Whether it’s popping up in social media news feeds or emerging in conversations held around the dinner table, the concept of “privilege” is rising in the public consciousness. “Privilege has become a serious area of inquiry in recent years,” said Augsburg Professor of Social Work Christina Erickson. “White privilege and male privilege have hit the spotlight, as have racial disparities in policing and the #MeToo movement highlighting harassment and sexual assault. Environmental privilege is a related phenomenon, and, while it seems to be an understudied area of privilege (and not the only one), it is still important, probably more than we realize.”
Erickson teaches courses in environmental justice and social change, and she’s taking on the challenge of exploring environmental privilege in greater depth. She is the author of “Environmental Justice as Social Work Practice,” a textbook designed to bring an understanding of environmental privilege into social work curricula.
Q: How do you describe environmental privilege?
A: Environmental privilege is having access to a resource simply because of your social identity categories—race, age, gender, income, and geography. Studies have shown that if you have a higher income, you likely have more green space near your home, work, or school. Not to mention owning a cabin, attending summer camp, or even seeing people who look like you at our most beautiful natural spaces. If you use all the water you want for your daily self care and other activities without thinking about it, you have environmental privilege.
Q: Is environmental justice similar to social justice and, if so, how?
A: Environmental justice and social justice are intricately linked in ways that we have only begun to discover and name. For example, kids living in neighborhoods with poor air quality are missing school due to asthma more than kids breathing clean air. If you can’t go to school, your chances for school success, which leads to adult success, are inhibited.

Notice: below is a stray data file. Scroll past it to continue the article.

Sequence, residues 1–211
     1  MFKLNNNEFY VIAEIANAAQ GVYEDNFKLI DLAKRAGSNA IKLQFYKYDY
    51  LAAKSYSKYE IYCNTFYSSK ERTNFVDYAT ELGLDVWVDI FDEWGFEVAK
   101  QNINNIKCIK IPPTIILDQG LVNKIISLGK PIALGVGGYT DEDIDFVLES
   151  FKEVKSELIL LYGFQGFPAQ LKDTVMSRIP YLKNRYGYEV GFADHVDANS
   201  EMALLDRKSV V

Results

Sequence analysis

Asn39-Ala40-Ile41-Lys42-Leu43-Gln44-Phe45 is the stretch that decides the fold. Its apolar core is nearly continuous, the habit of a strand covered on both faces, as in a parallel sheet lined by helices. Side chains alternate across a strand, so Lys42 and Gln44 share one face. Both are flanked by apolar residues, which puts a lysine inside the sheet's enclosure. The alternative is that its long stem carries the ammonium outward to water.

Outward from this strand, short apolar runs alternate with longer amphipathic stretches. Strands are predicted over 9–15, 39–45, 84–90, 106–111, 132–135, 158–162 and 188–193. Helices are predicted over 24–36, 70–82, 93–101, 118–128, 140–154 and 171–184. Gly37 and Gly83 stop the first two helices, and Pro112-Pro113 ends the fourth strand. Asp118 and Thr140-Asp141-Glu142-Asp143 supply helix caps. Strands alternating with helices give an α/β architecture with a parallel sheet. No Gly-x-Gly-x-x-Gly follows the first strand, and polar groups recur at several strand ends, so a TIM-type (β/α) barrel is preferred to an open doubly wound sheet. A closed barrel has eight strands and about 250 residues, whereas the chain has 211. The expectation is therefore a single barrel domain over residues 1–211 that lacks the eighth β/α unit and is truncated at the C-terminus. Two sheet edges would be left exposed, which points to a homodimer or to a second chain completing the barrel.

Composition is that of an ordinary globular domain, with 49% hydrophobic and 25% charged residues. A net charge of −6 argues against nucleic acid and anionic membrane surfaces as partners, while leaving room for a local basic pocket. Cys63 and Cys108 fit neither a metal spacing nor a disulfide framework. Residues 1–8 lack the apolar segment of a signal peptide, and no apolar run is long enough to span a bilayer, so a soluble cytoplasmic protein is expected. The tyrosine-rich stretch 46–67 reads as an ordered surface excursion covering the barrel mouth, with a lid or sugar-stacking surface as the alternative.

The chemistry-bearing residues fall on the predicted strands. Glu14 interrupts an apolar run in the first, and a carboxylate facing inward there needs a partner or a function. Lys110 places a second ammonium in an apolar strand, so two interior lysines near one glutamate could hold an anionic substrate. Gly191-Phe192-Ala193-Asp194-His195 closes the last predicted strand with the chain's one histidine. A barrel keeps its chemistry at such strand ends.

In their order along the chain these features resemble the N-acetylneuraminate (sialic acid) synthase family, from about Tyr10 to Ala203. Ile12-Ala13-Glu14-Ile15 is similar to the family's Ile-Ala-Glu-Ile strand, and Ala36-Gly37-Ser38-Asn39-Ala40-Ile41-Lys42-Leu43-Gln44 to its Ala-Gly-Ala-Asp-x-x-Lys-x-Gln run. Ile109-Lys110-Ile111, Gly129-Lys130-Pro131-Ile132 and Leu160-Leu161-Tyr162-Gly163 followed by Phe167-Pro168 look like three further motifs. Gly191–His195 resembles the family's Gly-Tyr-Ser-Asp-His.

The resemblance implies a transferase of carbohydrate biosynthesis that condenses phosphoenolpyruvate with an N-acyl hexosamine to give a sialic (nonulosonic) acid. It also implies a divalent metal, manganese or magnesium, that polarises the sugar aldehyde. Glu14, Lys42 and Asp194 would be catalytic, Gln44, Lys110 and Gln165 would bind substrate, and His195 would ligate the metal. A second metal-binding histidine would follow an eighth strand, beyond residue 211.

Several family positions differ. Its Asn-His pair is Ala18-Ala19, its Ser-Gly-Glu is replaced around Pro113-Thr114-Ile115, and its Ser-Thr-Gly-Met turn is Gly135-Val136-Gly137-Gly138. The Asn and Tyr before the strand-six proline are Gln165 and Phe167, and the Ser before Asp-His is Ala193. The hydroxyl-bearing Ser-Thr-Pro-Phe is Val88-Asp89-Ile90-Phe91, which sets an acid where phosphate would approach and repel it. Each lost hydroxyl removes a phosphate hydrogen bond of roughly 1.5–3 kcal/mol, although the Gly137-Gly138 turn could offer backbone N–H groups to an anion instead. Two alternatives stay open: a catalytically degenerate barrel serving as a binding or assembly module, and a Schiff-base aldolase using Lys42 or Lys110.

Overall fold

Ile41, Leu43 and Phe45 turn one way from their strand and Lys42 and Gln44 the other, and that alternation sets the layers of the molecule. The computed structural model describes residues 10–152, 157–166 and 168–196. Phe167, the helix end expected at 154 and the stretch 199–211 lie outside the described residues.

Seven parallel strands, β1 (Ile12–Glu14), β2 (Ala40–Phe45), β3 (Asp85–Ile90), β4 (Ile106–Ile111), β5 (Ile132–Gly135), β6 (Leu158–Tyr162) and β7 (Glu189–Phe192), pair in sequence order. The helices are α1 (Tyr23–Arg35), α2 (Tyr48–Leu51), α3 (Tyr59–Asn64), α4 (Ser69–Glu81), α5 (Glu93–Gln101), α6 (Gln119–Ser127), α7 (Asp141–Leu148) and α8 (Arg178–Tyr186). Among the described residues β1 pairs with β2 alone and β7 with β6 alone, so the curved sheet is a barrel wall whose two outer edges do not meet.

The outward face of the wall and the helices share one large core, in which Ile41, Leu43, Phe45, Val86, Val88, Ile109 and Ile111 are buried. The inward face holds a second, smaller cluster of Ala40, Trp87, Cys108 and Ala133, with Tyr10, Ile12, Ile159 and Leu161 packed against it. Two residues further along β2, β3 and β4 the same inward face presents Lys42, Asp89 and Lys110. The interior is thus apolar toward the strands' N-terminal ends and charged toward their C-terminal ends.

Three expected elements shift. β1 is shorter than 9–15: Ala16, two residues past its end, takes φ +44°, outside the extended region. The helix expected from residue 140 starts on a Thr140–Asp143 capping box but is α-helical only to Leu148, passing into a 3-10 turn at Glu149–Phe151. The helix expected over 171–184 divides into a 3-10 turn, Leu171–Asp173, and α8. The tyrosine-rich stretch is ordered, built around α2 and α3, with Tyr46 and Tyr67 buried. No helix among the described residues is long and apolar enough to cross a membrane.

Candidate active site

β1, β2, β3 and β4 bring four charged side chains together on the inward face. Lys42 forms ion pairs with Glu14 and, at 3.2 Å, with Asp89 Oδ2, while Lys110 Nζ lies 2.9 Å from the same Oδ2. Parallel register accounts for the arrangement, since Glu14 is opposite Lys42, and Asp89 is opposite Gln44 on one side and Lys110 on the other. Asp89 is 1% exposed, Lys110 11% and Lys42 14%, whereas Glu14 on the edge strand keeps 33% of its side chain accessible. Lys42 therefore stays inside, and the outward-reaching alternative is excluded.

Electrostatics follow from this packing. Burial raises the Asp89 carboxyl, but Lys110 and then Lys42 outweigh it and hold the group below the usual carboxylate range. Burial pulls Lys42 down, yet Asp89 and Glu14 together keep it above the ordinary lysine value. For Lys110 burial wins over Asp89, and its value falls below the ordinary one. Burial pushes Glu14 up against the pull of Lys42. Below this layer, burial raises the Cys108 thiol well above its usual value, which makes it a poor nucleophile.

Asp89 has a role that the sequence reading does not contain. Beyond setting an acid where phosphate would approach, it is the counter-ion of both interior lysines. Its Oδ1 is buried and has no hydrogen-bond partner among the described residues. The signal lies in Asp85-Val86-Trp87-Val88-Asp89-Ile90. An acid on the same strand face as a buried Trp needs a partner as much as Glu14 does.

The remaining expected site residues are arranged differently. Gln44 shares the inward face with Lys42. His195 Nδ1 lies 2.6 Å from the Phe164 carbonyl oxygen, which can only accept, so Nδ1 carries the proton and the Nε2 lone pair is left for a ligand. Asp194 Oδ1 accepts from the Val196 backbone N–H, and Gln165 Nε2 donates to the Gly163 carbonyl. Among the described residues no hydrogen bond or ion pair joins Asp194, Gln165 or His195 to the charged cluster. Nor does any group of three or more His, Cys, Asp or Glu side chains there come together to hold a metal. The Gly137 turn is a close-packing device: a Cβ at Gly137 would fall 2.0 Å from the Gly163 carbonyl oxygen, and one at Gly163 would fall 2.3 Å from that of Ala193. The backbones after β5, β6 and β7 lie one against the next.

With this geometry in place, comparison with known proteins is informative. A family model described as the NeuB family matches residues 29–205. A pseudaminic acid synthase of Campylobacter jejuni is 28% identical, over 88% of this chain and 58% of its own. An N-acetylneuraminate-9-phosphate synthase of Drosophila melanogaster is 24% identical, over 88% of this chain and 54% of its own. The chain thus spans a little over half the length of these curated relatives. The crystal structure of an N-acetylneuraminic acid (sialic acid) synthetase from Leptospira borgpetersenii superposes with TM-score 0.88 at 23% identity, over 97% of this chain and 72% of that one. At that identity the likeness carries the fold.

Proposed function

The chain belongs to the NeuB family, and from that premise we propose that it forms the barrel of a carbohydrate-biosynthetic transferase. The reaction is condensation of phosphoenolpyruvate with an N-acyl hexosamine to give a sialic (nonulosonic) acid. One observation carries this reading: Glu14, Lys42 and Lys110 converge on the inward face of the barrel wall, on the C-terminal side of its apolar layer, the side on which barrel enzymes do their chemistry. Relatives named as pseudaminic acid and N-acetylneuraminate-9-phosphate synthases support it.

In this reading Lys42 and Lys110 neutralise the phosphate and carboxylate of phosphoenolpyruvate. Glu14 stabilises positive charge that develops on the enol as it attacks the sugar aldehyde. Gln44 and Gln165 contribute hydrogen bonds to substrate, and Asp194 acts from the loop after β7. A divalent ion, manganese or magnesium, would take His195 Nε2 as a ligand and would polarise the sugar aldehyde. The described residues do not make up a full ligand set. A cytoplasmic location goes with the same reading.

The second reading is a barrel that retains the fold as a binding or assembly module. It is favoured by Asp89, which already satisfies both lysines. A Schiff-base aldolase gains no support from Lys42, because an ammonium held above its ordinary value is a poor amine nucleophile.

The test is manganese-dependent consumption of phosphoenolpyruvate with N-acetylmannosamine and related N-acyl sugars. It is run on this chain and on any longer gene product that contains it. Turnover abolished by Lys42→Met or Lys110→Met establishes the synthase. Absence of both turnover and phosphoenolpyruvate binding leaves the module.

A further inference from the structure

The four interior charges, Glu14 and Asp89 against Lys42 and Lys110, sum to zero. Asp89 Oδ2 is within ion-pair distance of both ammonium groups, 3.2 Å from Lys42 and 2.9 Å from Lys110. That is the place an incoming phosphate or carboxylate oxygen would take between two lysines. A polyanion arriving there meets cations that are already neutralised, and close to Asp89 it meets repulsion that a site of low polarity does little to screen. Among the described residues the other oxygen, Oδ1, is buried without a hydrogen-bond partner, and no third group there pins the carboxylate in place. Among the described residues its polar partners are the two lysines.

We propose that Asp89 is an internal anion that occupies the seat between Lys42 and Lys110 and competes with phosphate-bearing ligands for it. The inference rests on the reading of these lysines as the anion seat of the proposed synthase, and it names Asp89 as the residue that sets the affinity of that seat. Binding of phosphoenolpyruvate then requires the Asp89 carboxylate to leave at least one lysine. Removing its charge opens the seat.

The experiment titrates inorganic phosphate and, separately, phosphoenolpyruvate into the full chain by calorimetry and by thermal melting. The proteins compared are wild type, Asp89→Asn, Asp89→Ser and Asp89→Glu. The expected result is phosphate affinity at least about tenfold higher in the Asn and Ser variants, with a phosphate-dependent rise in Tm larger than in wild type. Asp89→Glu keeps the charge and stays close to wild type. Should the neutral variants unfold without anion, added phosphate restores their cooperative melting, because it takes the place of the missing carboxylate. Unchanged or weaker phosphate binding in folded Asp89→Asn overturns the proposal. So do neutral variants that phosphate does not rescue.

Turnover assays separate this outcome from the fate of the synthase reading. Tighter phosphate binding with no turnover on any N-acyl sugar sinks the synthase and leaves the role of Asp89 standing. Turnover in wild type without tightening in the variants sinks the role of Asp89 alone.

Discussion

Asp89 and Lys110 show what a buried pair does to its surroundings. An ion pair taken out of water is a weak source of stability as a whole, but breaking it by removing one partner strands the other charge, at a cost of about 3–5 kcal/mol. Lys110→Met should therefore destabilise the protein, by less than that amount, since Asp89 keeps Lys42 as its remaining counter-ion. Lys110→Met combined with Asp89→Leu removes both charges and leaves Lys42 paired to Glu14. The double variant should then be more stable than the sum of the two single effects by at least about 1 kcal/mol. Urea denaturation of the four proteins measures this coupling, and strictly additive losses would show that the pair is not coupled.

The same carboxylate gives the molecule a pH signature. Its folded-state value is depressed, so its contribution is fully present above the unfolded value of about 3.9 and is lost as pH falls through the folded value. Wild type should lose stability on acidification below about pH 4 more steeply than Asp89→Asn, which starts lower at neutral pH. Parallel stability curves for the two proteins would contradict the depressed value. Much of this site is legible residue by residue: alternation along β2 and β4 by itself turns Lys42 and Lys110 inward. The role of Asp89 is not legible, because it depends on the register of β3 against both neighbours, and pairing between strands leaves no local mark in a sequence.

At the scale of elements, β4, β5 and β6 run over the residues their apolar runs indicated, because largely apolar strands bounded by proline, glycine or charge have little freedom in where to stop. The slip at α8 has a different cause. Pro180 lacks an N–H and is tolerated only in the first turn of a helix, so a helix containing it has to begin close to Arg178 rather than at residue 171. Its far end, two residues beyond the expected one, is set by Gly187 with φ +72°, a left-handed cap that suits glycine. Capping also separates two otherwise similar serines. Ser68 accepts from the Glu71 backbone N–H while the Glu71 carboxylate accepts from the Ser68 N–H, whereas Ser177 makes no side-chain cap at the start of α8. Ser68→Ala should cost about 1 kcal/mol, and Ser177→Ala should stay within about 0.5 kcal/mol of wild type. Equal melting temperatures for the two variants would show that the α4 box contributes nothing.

Q: Can you describe environmental injustices and the disparities some groups face?
A: In 1987, research found that waste facilities were most often near neighborhoods of people of color, many of them containing toxic waste. Even our own Minnesota nuclear power facility, located near Prairie Island Indian Community, is an example of how some people are forced to live closer to environmental burdens than others.
Q: Why is it important to reflect on our own privilege, and how can we dismantle it?
A: Dismantling privileges is one of the ways we create social change. When we think about creating shifts in society, we generally need to stop certain behaviors—such as racist hiring practices or sexual harassment—to integrate new behaviors to take the place of the old. Augsburg already has taken a stand on water—we encourage our entire campus community to refi ll water bottles from our own taps, which environmental studies students tested for safety.
Q: How does your social work background align with your work in environmental justice?
A: For most of my life I viewed myself as a social worker who was an environmentalist. It wasn’t until coming to Augsburg, collaborating on our interdisciplinary environmental studies major, working with my social work colleagues on privilege and oppression, and participating in our Environmental Stewardship Committee that I began to recognize myself, in an integrated way, as an environmental justice social worker.